What your view of sports and life would be if you had too many concussions
Blogger’s Note: When it comes to baseball, I have split loyalties. I’ve discussed the hows and whys on that before. But now I’m having a moment as rare as a solar eclipse; both my teams are looking for new managers. Since both situations hare full of things which make sense and things that don’t, I’m here to give both the patented Dubsism break-down.
Today: The Los Angeles Angels
For Angels fans, Mike Scioscia has always been a conundrum. He came to “The Big A” after having been a “made man” in the “Evil Blue Empire;” the cross-town rival Los Angeles Dodgers. But he became a “made man” on his own in Anaheim by bringing the Angels their sole World Series championship in 2002. But in the sixteen season since, the Angels under Scioscia have been a model of consistent inconsistency; you could almost predict the fluctuations.
After 19 season totals, many of us Angels fans are left wondering just what was Mike Scioscia? Is he the greatest manager in the history of the franchise? Is he arguably one of the worst? Can he be both? The only thing we know for sure is on an episode of “The Simpsons,” he was the guy Mr. Burns hired for his ringer-licious company softball team whe really just wanted to work at the power plant.
To sort that all out, let’s start with Mike Scioscia: The Numbers.
That last line-item might be the most impressive. In an era where baseball managers last on average about three or four seasons, Scioscia stuck around despite the fact the Angels only made one post-season appearance since 2010, and that was a three-game sweep suffered at the hands of the Kansas City Royals in 2014. It’s even more impressive when you consider that in the nine seasons since 2010, the Angels only had winning campaigns in four of them, only winning more than 90 games once. When you remember the Scioscia Angels won at least 90 games six times in Scioscia’s first ten seasons, it’s easy to see why he is a conundrum.
That brings us to the Mike Scioscia administration and it’s two clearly distinctive eras:
1) The “Elite” Era: 2000-2009
These are the “Salad Days” of Angel baseball. The Angels are among the best in baseball, and they capture the World Series title to serve as the bona fides to that claim to “elite” status. This is the time when nearly all of the aforementioned bullet points on Scioscia’s managerial resume are achieved.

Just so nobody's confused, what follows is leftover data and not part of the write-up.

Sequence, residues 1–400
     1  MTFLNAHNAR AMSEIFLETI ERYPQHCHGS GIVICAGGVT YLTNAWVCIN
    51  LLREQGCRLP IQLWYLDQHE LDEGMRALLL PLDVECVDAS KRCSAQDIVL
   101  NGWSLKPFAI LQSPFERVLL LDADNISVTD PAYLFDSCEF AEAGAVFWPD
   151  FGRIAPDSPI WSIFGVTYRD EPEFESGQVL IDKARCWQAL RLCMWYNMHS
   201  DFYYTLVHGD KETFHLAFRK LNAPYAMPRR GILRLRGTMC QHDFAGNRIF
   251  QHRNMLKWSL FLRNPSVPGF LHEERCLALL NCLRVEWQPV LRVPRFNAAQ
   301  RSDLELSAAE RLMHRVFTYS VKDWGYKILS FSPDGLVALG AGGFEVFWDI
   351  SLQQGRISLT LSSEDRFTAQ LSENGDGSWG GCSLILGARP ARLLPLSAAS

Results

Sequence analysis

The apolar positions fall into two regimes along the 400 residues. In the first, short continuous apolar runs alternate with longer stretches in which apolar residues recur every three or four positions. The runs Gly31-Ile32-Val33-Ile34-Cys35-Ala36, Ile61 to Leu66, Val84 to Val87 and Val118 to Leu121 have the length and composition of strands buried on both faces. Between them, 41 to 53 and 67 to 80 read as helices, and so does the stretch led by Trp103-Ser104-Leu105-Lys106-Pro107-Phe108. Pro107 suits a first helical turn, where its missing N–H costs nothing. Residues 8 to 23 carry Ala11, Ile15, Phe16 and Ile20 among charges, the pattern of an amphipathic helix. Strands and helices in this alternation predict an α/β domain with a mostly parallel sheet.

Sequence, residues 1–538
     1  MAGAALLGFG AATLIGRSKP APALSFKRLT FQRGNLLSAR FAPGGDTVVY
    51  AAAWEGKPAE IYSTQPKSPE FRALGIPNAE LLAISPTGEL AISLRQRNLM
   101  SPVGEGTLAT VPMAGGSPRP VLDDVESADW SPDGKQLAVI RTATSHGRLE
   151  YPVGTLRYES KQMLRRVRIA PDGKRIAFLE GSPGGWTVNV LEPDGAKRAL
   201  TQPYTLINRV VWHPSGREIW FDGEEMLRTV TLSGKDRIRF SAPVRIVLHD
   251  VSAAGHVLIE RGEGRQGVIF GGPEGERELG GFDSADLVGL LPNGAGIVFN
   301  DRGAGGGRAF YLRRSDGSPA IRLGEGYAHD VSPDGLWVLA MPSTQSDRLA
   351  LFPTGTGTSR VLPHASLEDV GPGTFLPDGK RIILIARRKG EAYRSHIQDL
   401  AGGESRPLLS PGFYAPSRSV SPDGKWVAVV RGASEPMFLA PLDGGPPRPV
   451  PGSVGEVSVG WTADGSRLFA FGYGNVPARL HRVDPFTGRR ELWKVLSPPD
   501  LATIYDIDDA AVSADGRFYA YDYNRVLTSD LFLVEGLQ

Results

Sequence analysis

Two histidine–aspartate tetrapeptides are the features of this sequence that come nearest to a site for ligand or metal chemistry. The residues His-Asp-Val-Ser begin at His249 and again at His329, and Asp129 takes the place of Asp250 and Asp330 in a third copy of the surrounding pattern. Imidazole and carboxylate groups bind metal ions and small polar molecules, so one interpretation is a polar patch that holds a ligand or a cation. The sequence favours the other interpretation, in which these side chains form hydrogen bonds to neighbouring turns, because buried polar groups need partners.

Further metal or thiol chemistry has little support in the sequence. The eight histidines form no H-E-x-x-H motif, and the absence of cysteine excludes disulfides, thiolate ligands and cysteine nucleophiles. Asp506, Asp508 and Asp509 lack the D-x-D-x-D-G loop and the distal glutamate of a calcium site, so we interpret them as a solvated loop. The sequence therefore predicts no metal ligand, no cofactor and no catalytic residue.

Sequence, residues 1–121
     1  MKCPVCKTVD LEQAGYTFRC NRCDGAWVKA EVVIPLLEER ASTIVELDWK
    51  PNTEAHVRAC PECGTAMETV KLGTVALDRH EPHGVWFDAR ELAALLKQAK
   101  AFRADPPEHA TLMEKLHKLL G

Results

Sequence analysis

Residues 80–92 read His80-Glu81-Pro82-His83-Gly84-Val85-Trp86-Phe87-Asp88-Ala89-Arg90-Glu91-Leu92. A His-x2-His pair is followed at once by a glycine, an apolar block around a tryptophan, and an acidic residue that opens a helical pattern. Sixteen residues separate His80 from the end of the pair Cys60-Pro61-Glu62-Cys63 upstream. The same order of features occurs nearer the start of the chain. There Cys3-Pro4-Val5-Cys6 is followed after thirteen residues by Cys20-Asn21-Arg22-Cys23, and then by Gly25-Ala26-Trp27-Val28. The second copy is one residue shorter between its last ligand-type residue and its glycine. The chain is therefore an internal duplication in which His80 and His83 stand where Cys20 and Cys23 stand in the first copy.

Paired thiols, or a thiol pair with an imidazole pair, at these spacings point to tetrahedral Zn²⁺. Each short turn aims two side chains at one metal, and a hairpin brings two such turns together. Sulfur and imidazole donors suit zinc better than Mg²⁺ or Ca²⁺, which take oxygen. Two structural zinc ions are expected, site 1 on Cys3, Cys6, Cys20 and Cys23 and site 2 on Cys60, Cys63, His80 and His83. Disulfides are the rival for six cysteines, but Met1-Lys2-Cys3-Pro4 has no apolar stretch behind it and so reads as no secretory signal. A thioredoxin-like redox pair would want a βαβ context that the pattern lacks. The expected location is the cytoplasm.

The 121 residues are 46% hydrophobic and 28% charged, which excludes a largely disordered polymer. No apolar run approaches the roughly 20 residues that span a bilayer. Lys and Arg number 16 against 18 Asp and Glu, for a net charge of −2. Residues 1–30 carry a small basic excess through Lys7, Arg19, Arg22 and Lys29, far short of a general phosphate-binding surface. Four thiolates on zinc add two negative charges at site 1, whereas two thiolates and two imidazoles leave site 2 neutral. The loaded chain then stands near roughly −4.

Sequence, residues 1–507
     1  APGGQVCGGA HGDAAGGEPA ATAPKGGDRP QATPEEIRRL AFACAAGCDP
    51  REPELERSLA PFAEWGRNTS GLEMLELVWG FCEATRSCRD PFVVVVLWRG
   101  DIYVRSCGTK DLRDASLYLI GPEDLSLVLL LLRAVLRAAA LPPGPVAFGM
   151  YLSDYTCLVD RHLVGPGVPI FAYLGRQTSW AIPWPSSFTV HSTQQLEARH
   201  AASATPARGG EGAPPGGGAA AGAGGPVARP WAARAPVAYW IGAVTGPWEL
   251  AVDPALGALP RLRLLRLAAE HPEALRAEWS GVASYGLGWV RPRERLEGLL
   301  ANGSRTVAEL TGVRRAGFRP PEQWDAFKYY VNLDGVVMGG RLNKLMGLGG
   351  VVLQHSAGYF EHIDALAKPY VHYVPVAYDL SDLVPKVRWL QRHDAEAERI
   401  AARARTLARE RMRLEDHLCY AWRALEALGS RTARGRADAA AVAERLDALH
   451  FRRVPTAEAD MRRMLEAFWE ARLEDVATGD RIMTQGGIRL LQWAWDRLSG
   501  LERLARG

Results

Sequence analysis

2) The “Red Mets” Era: 2010-2018
This is when the Angels become a West coast Version of the New York Mets. They spend the better part of a decade with a bloated payroll, a cast of under-performing players, even more who can’t stay healthy, and any pretenses about trying to ditch the idea they are the “little brother” of Los Angeles baseball were dashed.
But as the old saying goes, “that was then and this is now.” That means “now” is these first few days of the “Post-Scioscia” era.
After all that, we’re left with the conglomerate overarching question: “Now what?” It’s a conglomerate question because it is composed of what the future may hold for several entities.
As for Scioscia, he’s only 59 years old. That’s hardly retirement age for a manager, but the question is does he want to go back to the bench? One also cannot discount the possibility of a front-office gig somewhere. It all comes down to what he wants to do. He’s already been of of our Sports Doppelgangers…
As for the Angels, obviously they will need to hire a new manager. Speculate amongst yourselves, but in this case I’m not into that game for one major reason. Whatever your opinion of Scioscia may have been, there’s no denying that he’s not the sole target available for blame when it comes to the under-performing of this team; there needs to be a big chunk of it directed at general manager Billy Eppler. But to be fair, I can’t lay all the front office woes on Eppler either, previous GM Jerry DiPoto laid the foundations for many of the issues Eppler needs to clean up.